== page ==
Apple iPhone and iPod Touch users are more than twice as likely to regularly purchase mobile apps, according to an AdMob survey.
Android and iPhone owners are downloading applications at a fast pace, but Apple customers are more likely to pay for them, according to data from AdMob.
The company surveyed more than 1,000 iPhone, iPod Touch, and Android users to measure how they interacted with mobile apps. The report is not representative of the entire industry because it only measures AdMob's network, but it does give a good indication of mobile Web usage.
AdMob said the two platforms have highly engaged app users, as they average nine to 10 app downloads per month and more than half spend more than 30 minutes a day using the programs. Owners of the iPod Touch were even more likely to download apps, as AdMob said these users typically get 18 programs per month.
Free apps were popular on both platforms, but Apple customers were more than twice as likely to regularly purchase programs. The report said 50% of iPhone owners and 40% of iPod Touch owners routinely download one or more paid apps a month, compared to 19% of Android owners. Using this data, AdMob estimated the paid market revenue of Apple's App Store for August would be about $200 million, while the Android Market's would be $5 million. Google and Apple have not released revenue figures for their respective over-the-air app stores.
One reason for the difference may be the size of the catalog, as the App Store's 65,000 programs dwarfs the 6,000 or so apps in Google's offering. The iPhone platform has also benefited from a multimedia advertising campaign showcasing the apps, and users have downloaded more than 1.5 billion programs in about a year.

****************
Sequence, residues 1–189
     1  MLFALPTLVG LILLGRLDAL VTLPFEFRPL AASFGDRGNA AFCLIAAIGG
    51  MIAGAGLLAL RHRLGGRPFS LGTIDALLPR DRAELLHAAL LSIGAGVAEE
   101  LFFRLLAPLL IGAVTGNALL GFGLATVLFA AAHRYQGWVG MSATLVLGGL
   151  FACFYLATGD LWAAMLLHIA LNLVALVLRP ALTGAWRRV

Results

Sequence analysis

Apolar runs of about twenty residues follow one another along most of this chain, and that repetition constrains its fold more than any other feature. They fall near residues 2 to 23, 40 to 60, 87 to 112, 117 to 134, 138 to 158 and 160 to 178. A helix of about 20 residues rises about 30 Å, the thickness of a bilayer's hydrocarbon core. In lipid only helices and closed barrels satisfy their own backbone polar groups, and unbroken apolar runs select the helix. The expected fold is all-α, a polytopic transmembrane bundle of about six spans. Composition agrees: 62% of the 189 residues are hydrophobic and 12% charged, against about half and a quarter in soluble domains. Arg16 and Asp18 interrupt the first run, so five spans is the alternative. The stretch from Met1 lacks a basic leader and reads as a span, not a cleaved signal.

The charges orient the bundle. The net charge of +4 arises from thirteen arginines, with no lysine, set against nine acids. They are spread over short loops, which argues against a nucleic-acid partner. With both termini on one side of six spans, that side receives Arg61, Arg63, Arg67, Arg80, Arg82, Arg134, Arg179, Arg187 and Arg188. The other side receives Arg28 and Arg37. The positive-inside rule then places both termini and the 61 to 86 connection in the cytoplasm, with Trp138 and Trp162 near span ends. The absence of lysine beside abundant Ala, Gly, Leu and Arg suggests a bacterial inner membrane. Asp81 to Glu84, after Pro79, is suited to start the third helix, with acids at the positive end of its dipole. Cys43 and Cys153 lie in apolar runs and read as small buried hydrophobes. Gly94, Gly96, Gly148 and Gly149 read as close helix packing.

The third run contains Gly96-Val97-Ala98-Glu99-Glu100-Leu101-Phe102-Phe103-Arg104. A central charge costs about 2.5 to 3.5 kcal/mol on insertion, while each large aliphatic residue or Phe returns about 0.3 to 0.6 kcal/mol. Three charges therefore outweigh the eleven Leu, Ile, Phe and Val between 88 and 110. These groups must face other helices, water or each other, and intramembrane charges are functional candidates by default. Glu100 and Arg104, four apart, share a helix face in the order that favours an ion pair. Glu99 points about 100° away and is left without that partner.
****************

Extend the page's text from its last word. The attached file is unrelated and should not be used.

AdMob did see potential with Android though, as those who did regularly download paid apps spent roughly the same amount as those on Apple's platform. Additionally, multiple Android handsets are expected to hit the market over the next few months, and the increased Android user base could attract more paying users and developers.
Smartphones are becoming increasingly capable of using enterprise-grade applications on the go, and they could ultimately be replacements for laptops. InformationWeek examined this issue in an independent report, and it can be downloaded here (registration required).
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